Reports: Plane had engine trouble before landing on beach
OCEAN CITY (AP) — Police in Maryland say the pilot of a small plane told them he was experiencing engine trouble before he made an emergency landing in the shallow ocean waters of a Maryland beach.
News outlets quote Ocean City police as saying in a news release that 23-year-old Trevor H. Deihl took off in his Cessna plane from Reedville, Virginia, on Tuesday for a flight to the Ocean City Airport.
Police say Deihl told them he was about 1 mile from shore when he began experiencing engine trouble and glided toward the shallow water for an emergency landing.
Authorities say one person onboard the aircraft was evaluated by paramedics and released.
Police spokeswoman Ashley Miller says the Maryland State Police will investigate.
Police, Baltimore man each blamed for security guard's death
BALTIMORE (AP) — The fourth trial of a man accused killing a Baltimore security guard has started, and the defense's main argument points a finger at the city's troubled police department.
The Baltimore Sun reports assistant State's Attorney Patrick Seidel says officers were responding to a car crash in June 2015 when a driver called out that a man had a gun. Seidel says police gave chase and ultimately arrested 27-year-old Keith Davis Jr., initially spotted less than a mile from where Kevin Jones was fatally shot.
Assistant Public Defender Deborah Levi says police in a city reeling from the death of Freddie Gray mistakenly killed an unarmed black man and planted evidence because they were afraid of the possible fall out. Two deadlocked juries and withheld evidence ended the last three trials.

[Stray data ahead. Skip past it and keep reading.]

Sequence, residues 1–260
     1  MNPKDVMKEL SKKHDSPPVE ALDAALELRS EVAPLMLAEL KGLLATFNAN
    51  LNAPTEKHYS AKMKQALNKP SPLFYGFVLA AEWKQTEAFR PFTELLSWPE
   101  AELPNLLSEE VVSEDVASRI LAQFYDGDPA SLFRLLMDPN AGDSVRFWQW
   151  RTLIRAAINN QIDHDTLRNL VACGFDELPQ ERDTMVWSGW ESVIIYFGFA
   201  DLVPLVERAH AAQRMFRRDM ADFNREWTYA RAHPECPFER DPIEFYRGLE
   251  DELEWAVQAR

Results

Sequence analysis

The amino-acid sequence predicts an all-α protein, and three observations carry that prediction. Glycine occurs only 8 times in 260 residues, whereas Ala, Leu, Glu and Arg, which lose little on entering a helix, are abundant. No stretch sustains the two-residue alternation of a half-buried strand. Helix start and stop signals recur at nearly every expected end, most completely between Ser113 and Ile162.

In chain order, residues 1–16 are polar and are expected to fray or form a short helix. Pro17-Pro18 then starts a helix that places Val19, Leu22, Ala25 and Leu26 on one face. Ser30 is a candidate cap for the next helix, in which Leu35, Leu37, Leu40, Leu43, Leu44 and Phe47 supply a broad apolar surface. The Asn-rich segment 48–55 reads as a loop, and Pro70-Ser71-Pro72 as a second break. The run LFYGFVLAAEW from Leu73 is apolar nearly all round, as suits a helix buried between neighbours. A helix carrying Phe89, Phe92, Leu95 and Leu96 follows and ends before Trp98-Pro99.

Information from: The Baltimore Sun, http://www.baltimoresun.com
Court hearing scheduled in Maryland newspaper shooting case
ANNAPOLIS (AP) — A judge is scheduled to hear arguments on pretrial matters in the case of a man accused of killing five people at a Maryland newspaper last year.
The hearing in Anne Arundel County Circuit Court is set for Wednesday in Annapolis.
Prosecutors have asked Judge Laura Ripken to order the release of Jarrod Ramos' tax records since 2003. Ramos has pleaded not guilty and not criminally responsible by reason of insanity to charges of killing five of the Capital Gazette's employees last year.
Prosecutors contend the tax records will show Ramos was of sound mind. Defense attorneys say releasing the tax records would violate their client's constitutional rights.
Ramos is scheduled to be tried in November on first-degree murder charges in the June 2018 shooting at the Capital Gazette newsroom.
Campaign to reunite Central American families launched
BOSTON (AP) — Massachusetts immigrant activists are working to reunite Central American youths with their families after the Trump administration was ordered to partly resume an Obama-era program.
The National TPS Alliance and the Salvadoran Worker Center launched a campaign Monday in Boston to help families who qualified under the Central American Minors refugee program.
The federal program was created in 2014 to allow parents legally in the U.S. to bring children or other family members in Honduras, Guatemala or El Salvador to the country.
The Trump administration ended the program in 2017, but a federal judge this year ordered the administration to resume processing applications for roughly 2,700 people who had already received conditional approval.
Immigrant activists say most of the affected families reside in Massachusetts, Maryland, California and Texas.